Sunday 23 January 2022

Moody’s changes Costa Rica’s outlook to stable, affirms B2 ratings

For Moody's Costa Rica's long term economic outlook remains strong as the economy continues to transition from simple agricultural exports to tourism, light manufacturing, and more recently business outsourcing and medical technology exports

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QCOSTARICA – Moody’s Investors Service has changed the outlook on Costa Rica’s ratings from negative to stable. Concurrently, Moody’s has affirmed Costa Rica’s B2 long-term issuer and senior unsecured bond ratings.

For Moody’s Costa Rica’s long term economic outlook remains strong as the economy continues to transition from simple agricultural exports to tourism, light manufacturing, and more recently business outsourcing and medical technology exports

The change to a stable outlook reflects:

  • Gradual deficit reduction and lower funding needs resulting from a recovering economy
  • Expectations that the current International Monetary Fund (IMF) program will support structural policy changes by the next administration

The affirmation of Costa Rica’s B2 ratings considers the country’s relative wealth levels and a dynamic economy balanced by the decade-long rise in the government’s main debt metrics.

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Costa Rica’s local and foreign currency country ceilings remain unchanged. The Ba1 LC ceiling, four notches higher than the sovereign rating, reflects limited government intervention in the economy and a history of respect for the rule of law. The Ba3 FC ceiling, two notches below the LC ceiling, reflects the risk of potential transfer and convertibility controls in the event of a default given the high level of domestic dollarization.

Ratings Rationale

Moody’s forecasts that Costa Rica’s fiscal deficit this year will be 5.8% of GDP, a large number albeit lower than both last year’s result (8.1% of GDP) and that we forecasted in early 2021 (7% of GDP). The lower deficits are the result of faster economic growth and increased revenues. These trends have supported a reduction in overall government funding needs easing refinancing pressures.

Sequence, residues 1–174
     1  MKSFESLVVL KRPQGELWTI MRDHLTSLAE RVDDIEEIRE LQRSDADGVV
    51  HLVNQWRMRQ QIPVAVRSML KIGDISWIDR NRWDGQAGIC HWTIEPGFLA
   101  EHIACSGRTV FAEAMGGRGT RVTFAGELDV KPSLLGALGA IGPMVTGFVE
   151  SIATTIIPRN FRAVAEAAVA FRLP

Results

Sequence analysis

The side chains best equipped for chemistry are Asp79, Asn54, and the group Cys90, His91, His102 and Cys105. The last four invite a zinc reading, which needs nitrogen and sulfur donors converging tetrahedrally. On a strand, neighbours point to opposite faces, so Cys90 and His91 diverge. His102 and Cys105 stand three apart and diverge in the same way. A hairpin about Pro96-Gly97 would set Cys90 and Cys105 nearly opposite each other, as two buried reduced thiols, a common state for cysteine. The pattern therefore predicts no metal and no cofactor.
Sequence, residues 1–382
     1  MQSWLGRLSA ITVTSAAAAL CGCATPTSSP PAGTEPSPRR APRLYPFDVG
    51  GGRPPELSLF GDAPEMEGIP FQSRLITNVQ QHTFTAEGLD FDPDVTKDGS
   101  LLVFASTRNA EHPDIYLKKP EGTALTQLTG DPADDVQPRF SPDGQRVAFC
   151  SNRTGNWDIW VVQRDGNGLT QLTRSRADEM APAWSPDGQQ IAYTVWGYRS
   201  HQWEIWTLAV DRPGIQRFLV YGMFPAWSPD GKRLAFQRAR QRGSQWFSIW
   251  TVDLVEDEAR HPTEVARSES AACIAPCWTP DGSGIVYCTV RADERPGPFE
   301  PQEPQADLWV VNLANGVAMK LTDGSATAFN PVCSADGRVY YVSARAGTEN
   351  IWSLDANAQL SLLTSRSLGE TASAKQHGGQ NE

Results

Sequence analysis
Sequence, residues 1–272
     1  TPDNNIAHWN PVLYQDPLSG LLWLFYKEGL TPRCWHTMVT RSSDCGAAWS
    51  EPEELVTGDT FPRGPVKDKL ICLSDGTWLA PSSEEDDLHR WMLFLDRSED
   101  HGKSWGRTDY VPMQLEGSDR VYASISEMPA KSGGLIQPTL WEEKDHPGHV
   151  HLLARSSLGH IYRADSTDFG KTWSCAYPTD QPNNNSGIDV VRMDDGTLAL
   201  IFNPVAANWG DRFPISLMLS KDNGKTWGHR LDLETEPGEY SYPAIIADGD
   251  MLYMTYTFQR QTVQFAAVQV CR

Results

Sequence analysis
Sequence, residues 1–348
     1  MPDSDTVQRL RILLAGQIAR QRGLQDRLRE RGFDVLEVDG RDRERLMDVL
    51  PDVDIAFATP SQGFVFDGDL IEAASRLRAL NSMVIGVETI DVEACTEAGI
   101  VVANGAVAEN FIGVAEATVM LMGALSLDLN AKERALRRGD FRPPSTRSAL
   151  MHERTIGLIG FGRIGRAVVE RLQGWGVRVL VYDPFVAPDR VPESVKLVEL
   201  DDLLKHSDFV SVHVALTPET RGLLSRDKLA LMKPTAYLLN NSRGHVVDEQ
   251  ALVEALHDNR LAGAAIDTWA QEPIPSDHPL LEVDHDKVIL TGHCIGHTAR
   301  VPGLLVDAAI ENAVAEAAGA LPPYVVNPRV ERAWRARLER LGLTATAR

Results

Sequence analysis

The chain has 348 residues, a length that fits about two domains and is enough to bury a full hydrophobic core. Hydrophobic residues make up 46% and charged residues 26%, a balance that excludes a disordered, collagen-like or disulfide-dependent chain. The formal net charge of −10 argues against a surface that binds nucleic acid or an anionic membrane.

Real GDP growth will be 5% this year and Moody’s forecasts 4% growth in 2022, as the economy recovers from the 2020 Covid induced recession. Costa Rica has a long history of adapting to economic shocks and last year’s recession was only the third in over 50 years. Moody’s expects that Costa Rica will return to a 3% average growth after 2023.

In March of this year, the IMF’s board approved a three-year $1.77 billion (2.8% of GDP) arrangement under the Extended Fund Facility (EFF), a program targeted to countries seeking to correct structural imbalances over an extended period. The EFF program was approved in July by Costa Rica’s unicameral Legislative Assembly. Approval by the Assembly was an important signal of political support, with 44 of the Assembly’s 57 members voting for implementation.

Costa Rica’s next presidential elections are due in February 2022 with a new administration assuming office in May 2022. The next government will inherit an existing IMF program, requiring it to meet existing fiscal targets. Regardless of political orientation, Moody’s expects that the EFF program will be followed through by the incoming authorities.

In its rationale for affirming the B2 ratings, Moody’s says Costa Rica reflects the balance of a relatively wealthy and dynamic economy and relatively strong institutions with the large increase in the country’s main debt metrics since 2010.

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The country’s long term economic outlook remains strong as the economy continues to transition from simple agricultural exports to tourism, light manufacturing, and more recently business outsourcing and medical technology exports.

Costa Rica also compares favorably to other countries in the region on measures such as government effectiveness, rule of law and control of corruption. Costa Rica’s democracy is the oldest in the region.

Costa Rica’s B2 ratings also reflect the political difficulties in the last decade to reign in high deficits, which increased debt from 28% of GDP in 2010 to a forecast 70% this year. Costa Rica’s debt burden, measured both against GDP and government revenues, is among the highest of all rated peers. And the country’s debt affordability is particularly weak, with interest payments representing over 30% of all government revenues, one of the highest levels among rated sovereigns.

The high interest burden increases funding risks for the country in the event of a sudden or sharp rise in interest rates.

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